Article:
‘Transformers: The Last Knight’ Review

Picture the scene: high-flying A-list action director Michael Bay sits astride a trebuchet, grinning madly as he hurls flaming balls of pitch, along with anything else he can get his hands on, in your direction. Medieval knights? You got it. Anthony Hopkins saying “bitchin”? Chuck it in. Plot? More than you can shake a wizard’s staff at. The kitchen sink? Not big enough. Try the bathtub.

The fifth film in the Transformers franchise amps everything up to preposterous levels of unnecessary: it’s a dizzying mix of revisionist history and alien invasion, with some sci-fi trappings and medieval romance thrown in for good measure.

Much has been made of Hasbro and Paramount’s decision to construct a writers’ room to guide the future of the Transformers franchise (featuring, it must be acknowledged, a fine smorgasbord of writing talent). It feels as though, with The Last Knight, nobody could decide whose ideas to use, so everybody got to throw one idea each into the plot blender before they turned it on and mixed them all together at high speed. The plot of this film is, however, the least of its problems. In fact, the ludicrous plot just points out the biggest disjunct in the film: its dogged refusal to have fun because it’s too busy trying to be cool.

It is, undeniably, incredibly exciting to think about Transformers fighting off Saxon hordes and kicking Hitler’s arse. And this is a film stuffed to the gills with moments exactly like this. At one point in the film Optimus Prime flies in on the top of A TRANSFORMER DRAGON WITH THREE HEADS then decapitates a mass of robots by spinning in a circle. It’s a robot dragon with three heads that used to belong to Merlin. So why on earth does this film feel like such a laborious slog? Michael Bay’s insistence that no shot can last longer than about five seconds is definitely a factor. Any time a character moment might be about to occur it isn’t allowed to settle. If anything remotely human might be about to emerge we snap to a different angle or something else comes flying past at high speed. This is a film in which every single thing looks beautiful but says nothing. Michael Bay shoots a polo match like it’s an intergalactic space battle with planets for balls. It’s hampered by its own inability to realise what the script is trying to be.

Said script, however, doesn’t fare much better. Only Hopkins’ madcap Sir Edmund Burton seems to do well, and this is merely because there is a childish delight to be taken in seeing one of the world’s finest actors repeatedly speaking like a pubescent jock (for the first five times anyway). The film’s use of profanity is about as witty as a dirty protest, yet it seems to think that it’s operating at Iannucci levels of brilliance. And, while there is something funny about hearing Optimus Prime repeatedly shout “VIVIAN”, Laura Haddock’s character, through no fault of the actor, is the worst kind of fetishised British-ness. She’s all tea and crumpets in a trademark Bay cocktail dress. It’s with this in mind that I must take a moment to praise the cast who, though their performances suffer under Bay’s editing style and eye, are certainly doing their best. Hopkins, Mark Wahlberg (returning as maverick inventor Cade Yeager) and Haddock give their all into a film that’s simply too cool for emotions. The voice cast too, stacked with some of the best actors around, seem to be trying to have fun. And special mention must go to Isabela Moner for giving a strong performance as young rogue Izzy. Hopkins fares slightly better than the other two leads simply by virtue of the fact he’s playing off his reputation as a classical actor of the highest calibre. In essence, this is a classier version of Robert De Niro’s turn in Dirty Grandpa. But this, again, points back to the film’s major issue: there’s no room for sincerity. Hopkins is a highlight because he’s self-aware in a way the film never manages to be, because he’s not conforming to the film’s po-faced view of itself.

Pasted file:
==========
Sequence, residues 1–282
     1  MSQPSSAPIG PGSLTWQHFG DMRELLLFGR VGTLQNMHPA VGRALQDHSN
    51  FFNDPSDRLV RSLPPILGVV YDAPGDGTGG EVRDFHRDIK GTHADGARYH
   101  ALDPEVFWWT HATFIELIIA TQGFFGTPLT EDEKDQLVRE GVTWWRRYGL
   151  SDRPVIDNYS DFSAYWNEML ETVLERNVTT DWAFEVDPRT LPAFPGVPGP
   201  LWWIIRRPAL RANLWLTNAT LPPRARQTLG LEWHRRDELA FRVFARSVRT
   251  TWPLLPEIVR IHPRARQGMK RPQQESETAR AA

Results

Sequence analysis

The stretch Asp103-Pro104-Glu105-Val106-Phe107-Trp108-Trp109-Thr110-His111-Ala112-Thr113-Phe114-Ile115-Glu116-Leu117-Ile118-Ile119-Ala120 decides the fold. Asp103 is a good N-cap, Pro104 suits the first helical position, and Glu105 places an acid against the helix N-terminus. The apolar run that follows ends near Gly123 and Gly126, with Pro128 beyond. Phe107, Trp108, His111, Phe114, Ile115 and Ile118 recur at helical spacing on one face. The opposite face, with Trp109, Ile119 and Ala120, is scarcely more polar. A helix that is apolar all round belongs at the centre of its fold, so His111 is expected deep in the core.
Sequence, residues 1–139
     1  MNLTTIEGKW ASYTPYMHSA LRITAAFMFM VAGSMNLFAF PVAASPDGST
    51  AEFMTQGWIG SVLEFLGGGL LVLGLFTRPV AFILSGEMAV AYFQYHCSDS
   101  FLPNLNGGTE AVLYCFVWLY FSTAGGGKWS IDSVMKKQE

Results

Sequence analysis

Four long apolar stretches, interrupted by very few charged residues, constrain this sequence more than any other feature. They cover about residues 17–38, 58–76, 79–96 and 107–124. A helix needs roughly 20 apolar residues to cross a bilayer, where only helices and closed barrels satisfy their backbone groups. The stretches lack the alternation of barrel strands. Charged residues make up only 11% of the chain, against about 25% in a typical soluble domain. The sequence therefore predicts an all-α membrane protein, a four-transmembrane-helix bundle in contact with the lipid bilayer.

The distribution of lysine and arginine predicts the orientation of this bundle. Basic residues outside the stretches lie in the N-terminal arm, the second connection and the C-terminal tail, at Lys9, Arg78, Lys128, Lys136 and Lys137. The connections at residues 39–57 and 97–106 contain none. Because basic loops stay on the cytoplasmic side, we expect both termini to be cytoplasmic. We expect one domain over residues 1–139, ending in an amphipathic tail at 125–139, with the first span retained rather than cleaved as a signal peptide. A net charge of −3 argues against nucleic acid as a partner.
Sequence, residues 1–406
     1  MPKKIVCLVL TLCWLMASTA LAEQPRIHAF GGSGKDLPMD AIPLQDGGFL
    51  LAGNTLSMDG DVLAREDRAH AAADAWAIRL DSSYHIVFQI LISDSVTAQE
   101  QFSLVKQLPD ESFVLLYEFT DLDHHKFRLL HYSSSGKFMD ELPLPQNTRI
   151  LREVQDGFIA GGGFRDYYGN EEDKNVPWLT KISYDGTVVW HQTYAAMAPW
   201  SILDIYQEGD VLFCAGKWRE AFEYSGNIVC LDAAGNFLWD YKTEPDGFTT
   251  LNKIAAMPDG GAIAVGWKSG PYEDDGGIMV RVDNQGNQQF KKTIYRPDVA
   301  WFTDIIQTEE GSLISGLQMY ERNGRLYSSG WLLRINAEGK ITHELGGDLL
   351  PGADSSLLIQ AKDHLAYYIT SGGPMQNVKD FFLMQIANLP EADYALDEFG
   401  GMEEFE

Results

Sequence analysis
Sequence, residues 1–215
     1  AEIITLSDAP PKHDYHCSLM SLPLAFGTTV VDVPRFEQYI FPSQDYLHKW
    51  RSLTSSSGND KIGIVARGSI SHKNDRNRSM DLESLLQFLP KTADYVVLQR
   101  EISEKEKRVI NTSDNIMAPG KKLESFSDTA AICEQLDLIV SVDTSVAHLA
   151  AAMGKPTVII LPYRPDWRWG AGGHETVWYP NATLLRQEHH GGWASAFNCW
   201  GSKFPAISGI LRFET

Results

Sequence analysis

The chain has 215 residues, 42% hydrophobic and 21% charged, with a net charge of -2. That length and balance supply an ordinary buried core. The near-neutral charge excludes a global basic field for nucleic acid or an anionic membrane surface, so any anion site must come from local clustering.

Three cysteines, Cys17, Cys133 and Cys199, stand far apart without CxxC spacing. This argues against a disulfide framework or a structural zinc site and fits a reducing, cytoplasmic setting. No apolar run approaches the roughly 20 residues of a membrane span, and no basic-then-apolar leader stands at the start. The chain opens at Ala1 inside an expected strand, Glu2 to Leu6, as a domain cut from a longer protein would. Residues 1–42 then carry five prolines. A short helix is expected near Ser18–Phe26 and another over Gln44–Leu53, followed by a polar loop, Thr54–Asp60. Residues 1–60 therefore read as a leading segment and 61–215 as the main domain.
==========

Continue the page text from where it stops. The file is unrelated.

This isn’t, however, a film without its charms. As aforementioned, the cast put in good performances and the film is visually spellbinding. The Stonehenge set climax looks like a billion dollars, all lush greens and incredible production design. And one should never, even for a second, overlook the artistry that goes into creating these films. The effects work from ILM is peerless, Johnathan Sela shoots the film with breathtaking beauty and the production design and set building is second to none. Ultimately this is a film that suffers from a dogged determination to stay tonally dark and avoid the fun it should so clearly embrace. These are bright and colourful characters that have been turned into machines of war and carnage. And it isn’t even fun war and carnage.

Michael Bay has undoubtedly created a cinematic spectacle to rival the best, but he’s completely failed to tell a story. There’s some fun to be had in this blockbuster behemoth, but you’ll have to try hard to get at it because the film is intent on keeping it from you.


Transformers: The Last Knight is out now in UK cinemas. See the final trailer below:

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